The problems include the potential for people you manage to continue to take actions or work in ways you think need to be tweaked or changed. If you don’t have these conversations timely, they only can result in continuing issues in the future, making for even harder conversations and a lot of wasted time. It also includes the likelihood of a wedge being driven between you and whoever the other person is because, even though unspoken, these issues usually are apparent from body language and other indirect feedback. This can result in strained relations and passive aggressive behavior related to all things unsaid.

If you are uncomfortable having difficult conversations, there are ways to try and ease your discomfort. You can outline the points you want to get across and practice your side of the conversation. This can include what you want to say depending on the response your receive. As with preparation for a presentation, knowing your talking points will help. I usually am not a fan of spending time on a “hypothetical conversation,” but with difficult conversations, preparation can help. Plus, what occurs in most situations is that even though the conversation may be uncomfortable, it is not as bad as you anticipated.

Another idea is to work on your talking points and the conversation by practicing with someone else you trust. This can help to hone your points or how you will respond to various responses, questions or defensiveness during the real conversation.

The point is to prepare then take hard conversations head on. If honest, most people will tell you they really want to know where they stand and what others are thinking, whether it is with a peer, a superior or a significant other. So don’t let the import subjects that need to be discussed fester and turn into a real negative by having difficult conversation timely and in a manner to allow them to be as non-adversarial and productive as possible. For instance, if you have feedback on this or any of my blog posts, whether positive or negative – read: constructive criticism – I always am open to hear it.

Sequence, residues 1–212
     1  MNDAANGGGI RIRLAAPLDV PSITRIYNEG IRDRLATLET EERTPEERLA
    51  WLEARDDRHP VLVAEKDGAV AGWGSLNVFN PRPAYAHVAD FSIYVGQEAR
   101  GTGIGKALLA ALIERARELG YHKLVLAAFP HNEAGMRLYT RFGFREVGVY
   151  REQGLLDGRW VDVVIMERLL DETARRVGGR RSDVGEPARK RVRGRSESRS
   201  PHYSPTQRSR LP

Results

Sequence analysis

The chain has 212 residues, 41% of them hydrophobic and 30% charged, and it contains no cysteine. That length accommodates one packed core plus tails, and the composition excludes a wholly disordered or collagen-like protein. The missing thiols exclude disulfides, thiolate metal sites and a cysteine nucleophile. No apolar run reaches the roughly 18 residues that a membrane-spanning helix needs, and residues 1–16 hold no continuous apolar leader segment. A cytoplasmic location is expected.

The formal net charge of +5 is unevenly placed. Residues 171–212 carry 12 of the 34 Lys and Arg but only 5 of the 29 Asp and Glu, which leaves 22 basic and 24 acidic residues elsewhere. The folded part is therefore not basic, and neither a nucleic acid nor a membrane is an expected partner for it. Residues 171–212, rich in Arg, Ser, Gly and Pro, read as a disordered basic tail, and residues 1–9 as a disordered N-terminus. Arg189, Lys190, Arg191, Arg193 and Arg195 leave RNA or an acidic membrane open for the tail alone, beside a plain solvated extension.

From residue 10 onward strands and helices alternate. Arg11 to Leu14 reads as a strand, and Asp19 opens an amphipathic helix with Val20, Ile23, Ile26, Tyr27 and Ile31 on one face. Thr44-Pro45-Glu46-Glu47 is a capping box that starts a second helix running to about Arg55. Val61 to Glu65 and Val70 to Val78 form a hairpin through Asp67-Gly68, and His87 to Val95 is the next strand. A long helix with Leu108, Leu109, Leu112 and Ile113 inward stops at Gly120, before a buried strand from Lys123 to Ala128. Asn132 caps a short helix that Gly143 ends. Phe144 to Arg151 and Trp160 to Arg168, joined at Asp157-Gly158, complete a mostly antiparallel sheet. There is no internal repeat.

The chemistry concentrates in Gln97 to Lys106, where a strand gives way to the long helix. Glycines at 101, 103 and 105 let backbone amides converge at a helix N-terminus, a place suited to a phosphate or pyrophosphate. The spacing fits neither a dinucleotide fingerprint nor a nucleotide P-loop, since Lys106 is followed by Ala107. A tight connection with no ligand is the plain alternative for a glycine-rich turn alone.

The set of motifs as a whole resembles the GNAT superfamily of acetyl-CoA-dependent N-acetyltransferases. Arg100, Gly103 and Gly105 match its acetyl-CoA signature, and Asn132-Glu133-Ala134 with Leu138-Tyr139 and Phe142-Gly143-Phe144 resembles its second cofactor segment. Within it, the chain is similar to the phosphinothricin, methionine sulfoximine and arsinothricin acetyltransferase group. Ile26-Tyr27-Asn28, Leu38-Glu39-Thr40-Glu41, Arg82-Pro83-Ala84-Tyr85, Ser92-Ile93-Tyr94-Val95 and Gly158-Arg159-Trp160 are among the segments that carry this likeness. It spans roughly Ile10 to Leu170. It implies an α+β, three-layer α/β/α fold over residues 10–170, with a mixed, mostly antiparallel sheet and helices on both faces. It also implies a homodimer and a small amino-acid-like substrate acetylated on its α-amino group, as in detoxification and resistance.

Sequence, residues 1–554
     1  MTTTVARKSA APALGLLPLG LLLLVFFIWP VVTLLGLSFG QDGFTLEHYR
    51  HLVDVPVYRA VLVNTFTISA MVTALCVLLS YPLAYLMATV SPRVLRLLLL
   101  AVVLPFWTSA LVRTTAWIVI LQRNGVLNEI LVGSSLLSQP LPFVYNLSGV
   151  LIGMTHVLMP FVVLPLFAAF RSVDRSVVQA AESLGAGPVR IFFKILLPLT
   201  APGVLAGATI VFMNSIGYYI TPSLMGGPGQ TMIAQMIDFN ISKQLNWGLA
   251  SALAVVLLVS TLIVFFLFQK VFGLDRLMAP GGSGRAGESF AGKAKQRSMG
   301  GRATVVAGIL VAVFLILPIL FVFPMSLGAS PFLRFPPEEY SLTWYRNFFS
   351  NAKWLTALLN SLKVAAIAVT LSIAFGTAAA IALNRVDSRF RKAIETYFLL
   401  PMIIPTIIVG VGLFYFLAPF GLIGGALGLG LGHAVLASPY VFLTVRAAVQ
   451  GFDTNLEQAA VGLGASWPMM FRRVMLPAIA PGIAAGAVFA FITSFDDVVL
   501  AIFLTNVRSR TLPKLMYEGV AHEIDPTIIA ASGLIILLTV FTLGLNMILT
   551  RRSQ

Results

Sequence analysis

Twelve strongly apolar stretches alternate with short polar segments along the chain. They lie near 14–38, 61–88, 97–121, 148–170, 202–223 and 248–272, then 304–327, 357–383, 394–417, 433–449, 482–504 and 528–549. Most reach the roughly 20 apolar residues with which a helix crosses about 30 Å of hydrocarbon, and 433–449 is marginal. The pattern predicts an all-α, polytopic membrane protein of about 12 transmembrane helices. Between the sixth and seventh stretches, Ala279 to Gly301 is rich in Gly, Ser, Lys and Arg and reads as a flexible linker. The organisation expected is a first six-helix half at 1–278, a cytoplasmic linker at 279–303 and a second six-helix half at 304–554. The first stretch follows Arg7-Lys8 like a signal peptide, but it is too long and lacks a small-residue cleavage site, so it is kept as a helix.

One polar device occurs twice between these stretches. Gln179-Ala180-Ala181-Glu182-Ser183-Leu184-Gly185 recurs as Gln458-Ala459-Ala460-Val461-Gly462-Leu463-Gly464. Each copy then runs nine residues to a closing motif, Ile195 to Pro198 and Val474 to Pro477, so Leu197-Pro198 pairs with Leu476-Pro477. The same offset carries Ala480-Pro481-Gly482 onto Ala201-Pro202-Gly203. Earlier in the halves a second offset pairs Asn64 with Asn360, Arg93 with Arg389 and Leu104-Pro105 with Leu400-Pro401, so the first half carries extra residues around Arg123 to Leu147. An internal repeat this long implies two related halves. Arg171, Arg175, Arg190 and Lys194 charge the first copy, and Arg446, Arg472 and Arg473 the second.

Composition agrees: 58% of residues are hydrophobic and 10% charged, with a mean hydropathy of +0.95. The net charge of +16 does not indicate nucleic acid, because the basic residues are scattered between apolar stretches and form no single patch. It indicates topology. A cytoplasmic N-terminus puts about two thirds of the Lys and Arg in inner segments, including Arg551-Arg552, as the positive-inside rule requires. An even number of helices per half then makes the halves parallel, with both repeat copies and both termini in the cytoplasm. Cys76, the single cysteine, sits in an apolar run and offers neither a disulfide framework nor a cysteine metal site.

I hope you will take the next difficult conversation you need to have head on and figure out what works best for you to prepare and participate in these types of conversations.

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What is your road to success?

Does your definition of success have to do with money? Job title or prestige? Or does it relate to family or your children? Or maybe it relates to the level of your current golf game. You should be aware of how you define success. If not, how can you tell if you have achieved any or all of what you view as success, whether you have met interim goals or whether you need to change course to reach your goals?

As with all goal setting exercises, it helps to begin with the end in mind. It makes it much easier to chart your course and come up with the steps to get there. Knowing where you are and where you want to be also will help you set interim goals.

For me, success comes from both my professional and personal lives. In my professional life, I work with a great group of attorneys, enjoy the types of clients I work with and am proud of the professional reputation I have in my community. In my personal life I have a great wife and four (mostly) great kids depending on the day. They all are happy and healthy. I am able to spend time with them and enjoy their company even though it all is going by too fast. For me, I view both parts of my life as successful.

But that doesn’t mean I have no goals related to success and am resting on my laurels. You have to continuously set goals that fit within your definition of success. This includes both long-term and short-term goals.

It is important to remember that what you view as success likely will change over time. It is relative to where you sit, what is important to you at that point in time and where you want to be. The point is that it is okay to pivot and shift your interim or ultimate goals.